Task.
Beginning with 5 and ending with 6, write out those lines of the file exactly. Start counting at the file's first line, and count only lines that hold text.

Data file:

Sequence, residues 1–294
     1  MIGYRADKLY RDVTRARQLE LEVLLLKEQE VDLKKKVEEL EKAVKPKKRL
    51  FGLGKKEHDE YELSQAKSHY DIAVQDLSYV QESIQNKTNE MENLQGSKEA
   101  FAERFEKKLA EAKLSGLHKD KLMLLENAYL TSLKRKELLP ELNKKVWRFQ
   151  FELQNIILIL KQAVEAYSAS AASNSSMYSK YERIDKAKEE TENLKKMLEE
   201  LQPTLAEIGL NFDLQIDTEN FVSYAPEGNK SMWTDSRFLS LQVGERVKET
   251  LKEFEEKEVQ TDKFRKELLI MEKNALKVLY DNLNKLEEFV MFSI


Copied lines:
   151  FELQNIILIL KQAVEAYSAS AASNSSMYSK YERIDKAKEE TENLKKMLEE
   201  LQPTLAEIGL NFDLQIDTEN FVSYAPEGNK SMWTDSRFLS LQVGERVKET